The wind of history turns the pages of burnt-out books, flipping them open at the most appropriate place. Today, this place is Brecht. Why exactly Brecht? Because Brecht, without being a professional philosopher, exposed the logic of capitalism’s escalation into fascism with sober clarity and sarcasm, and because this exposition still retains its heuristic strength? Yes, but not only. Because his critique of the bourgeois means of cultural production from within (the exposition of exposition) could not be any more current than here and now? That is certainly so. Because in developing his method, he combined critical theory with revolutionary praxis, becoming a founder of socialist art, along with Mayakovsky, Filonov, or Eisenstein? Oh, quite! Because his dynamic – and analytical – version of socialist realism (and socialist pedagogy) differs favorably from the official dogmata? Not exactly incorrect. Because, hand in hand with the newest scientific discoveries of his time, he gave the theater new meaning as a mode of cognition, and not emotional impact, paving the way for a semiology of the theater (“his theater is neither pathetic nor rational but well-founded.” (Barthes))? It goes without saying. But also because he decisively connected the material form of the drama with a definite – Marxist – idea, revealing a model of politicized art (which Benjamin called for and oriented himself toward) that was, however, still art? This is probably what is most important. And the most difficult, if one wants to draw upon this (artistic) experience in practice. Because in the final analysis, and this is something we need to admit, the theatrical technique that Brecht developed aimed at interrupting (the illusion of) art. This interruption is epochal. Though it can hardly be reduced to the “end of art” declared by Hegel, it can be related to this idea nevertheless on one fundamental point, namely in that it effects an “epoch?” of sorts, a gesture in which the dialectic (of our epoch) comes to a standstill and freezes up in inaction.

The Spectacle As Theological Subterfuge

The Brechtian theater is based upon the “alienation effect” (Verfremdungseffekt), which is easily mistaken for Marx’ notion of “alienation” (Entfremdung), since the two terms share the same etymology. To avoid confusion, it is most convenient to illustrate the alienation-effect with the example of theatrical production, where it is realized on several levels at once:

1) The fabula of the play contains two stories, one of which is a parable (allegory) of the same text with a deeper meaning.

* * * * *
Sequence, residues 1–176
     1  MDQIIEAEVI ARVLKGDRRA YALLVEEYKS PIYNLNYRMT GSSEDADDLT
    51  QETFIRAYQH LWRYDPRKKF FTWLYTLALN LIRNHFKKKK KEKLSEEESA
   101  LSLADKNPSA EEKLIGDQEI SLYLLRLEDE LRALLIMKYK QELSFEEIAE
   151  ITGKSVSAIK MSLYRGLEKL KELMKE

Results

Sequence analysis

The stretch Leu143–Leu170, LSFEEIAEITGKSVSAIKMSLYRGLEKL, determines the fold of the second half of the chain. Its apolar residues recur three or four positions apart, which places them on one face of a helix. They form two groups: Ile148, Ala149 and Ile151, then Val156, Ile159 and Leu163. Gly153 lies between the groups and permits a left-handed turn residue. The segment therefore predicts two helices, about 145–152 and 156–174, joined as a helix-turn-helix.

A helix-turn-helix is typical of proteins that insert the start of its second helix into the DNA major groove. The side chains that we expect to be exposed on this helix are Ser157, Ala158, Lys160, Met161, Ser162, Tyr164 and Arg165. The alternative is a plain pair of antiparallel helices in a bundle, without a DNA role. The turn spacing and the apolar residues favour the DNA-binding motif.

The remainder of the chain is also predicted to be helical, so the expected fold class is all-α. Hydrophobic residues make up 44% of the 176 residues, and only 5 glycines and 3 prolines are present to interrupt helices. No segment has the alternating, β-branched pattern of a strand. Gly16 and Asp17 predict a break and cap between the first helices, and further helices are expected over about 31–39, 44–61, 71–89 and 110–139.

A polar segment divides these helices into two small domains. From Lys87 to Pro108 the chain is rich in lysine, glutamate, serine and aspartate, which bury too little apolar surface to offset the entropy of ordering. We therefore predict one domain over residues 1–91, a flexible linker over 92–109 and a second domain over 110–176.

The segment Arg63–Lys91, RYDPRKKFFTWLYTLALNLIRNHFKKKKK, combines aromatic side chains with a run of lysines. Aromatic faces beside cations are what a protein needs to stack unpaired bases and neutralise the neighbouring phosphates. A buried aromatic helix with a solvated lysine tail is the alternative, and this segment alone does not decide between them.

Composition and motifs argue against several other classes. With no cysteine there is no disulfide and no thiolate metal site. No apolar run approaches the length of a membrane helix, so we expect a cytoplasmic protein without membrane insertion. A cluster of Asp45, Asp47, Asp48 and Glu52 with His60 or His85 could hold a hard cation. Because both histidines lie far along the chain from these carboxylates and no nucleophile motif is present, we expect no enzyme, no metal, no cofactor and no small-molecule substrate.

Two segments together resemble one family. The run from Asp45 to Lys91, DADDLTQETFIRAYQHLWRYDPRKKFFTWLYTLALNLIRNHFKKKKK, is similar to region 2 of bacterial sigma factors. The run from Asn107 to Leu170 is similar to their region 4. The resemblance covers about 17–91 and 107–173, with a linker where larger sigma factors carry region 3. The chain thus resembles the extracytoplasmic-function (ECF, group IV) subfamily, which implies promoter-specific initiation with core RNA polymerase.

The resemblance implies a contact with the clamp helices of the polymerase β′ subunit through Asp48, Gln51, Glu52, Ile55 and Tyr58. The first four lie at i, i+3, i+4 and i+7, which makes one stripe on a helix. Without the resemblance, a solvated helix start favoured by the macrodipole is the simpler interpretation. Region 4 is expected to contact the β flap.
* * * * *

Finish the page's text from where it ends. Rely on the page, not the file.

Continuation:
2) The scenery presents a socially recognizable object or space (a factory, for example).
3) The play’s plasticity provides information on the individual presented and his-her social habitus, his-her relationship to the world of labor (gestus, “social gesture”).
4) Diction does not psychologize the text, but recasts its rhythm and texture.
5) In his-her performance, the actor does not impersonate one of the play’s characters but demonstrates it, establishing a distance to it (“stepping out of role”).
6) The classical division into acts is rejected in favor of a “montage” of episodes and scenes.
7) Further examples of how the scenic illusion can be interrupted include addressing the audience directly, songs, or changes of scenery in full view of the audience, as well as the introduction of newsreels, titles, and other “commentaries”

Individually, many of these devices can be found in the Greek theater or the Shakespearean theater, not to mention the productions of Brecht’s contemporaries, such as Piscator (with whom Brecht collaborated), Meyerhold, Vakhtangov, Eisenstein (whose work Brecht knew), and in agitprop. Brecht’s innovation lies in the fact that he used them consciously, turning them into his main aesthetic principle. Strictly speaking, this principle is valid for any artistic language that has gained “self-awareness.” In application to the theater, it entails a purposeful “exposure of devices:” instead of maintaining the impression that the action on stage is reality, it serves to underline the artificiality of the dramaturgical construction or its characters.